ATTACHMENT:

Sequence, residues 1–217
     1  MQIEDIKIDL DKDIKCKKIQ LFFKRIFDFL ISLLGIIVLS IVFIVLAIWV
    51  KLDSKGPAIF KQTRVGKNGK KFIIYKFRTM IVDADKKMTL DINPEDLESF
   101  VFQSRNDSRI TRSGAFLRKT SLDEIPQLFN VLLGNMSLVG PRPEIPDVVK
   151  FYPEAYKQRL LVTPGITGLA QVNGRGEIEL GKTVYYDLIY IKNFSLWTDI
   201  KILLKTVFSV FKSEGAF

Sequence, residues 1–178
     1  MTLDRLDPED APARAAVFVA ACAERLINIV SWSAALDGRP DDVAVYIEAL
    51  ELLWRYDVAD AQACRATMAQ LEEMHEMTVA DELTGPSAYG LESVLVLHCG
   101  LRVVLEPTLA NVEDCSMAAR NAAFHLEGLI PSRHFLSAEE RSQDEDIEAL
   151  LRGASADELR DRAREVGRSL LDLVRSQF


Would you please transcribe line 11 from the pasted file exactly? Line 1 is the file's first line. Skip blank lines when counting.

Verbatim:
   151  LRGASADELR DRAREVGRSL LDLVRSQF